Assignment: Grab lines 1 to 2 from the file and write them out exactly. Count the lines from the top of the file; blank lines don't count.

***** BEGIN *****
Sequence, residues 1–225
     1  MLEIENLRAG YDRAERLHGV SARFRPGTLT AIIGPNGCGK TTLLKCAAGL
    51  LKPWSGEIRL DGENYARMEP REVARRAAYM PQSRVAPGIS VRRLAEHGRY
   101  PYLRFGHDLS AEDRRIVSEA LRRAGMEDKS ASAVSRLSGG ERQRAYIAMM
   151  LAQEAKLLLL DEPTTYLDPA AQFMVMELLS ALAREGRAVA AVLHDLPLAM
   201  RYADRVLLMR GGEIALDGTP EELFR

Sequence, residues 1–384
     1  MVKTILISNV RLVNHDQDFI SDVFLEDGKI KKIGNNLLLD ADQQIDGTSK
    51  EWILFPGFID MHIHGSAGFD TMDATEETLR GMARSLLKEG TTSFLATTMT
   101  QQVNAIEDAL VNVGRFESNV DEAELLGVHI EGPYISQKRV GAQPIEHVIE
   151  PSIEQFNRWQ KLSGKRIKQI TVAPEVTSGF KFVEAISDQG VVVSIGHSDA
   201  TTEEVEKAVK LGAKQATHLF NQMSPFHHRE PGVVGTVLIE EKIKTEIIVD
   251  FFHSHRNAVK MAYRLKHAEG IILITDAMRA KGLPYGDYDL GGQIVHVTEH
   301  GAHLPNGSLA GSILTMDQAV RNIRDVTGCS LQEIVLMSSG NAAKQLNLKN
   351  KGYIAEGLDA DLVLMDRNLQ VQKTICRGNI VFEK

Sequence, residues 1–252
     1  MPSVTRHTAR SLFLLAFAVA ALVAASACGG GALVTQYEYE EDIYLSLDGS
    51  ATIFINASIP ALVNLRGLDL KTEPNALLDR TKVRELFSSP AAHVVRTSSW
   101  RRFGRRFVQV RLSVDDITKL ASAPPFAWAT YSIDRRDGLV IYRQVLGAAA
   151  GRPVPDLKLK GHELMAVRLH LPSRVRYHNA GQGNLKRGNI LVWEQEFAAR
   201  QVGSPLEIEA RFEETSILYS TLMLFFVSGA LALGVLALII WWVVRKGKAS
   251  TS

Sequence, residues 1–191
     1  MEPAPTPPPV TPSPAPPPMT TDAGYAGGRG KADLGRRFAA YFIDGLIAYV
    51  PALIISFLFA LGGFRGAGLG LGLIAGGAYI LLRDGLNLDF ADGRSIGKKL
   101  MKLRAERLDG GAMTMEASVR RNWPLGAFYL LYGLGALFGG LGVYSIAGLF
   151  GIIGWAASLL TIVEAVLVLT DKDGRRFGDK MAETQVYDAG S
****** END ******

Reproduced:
Sequence, residues 1–225
     1  MLEIENLRAG YDRAERLHGV SARFRPGTLT AIIGPNGCGK TTLLKCAAGL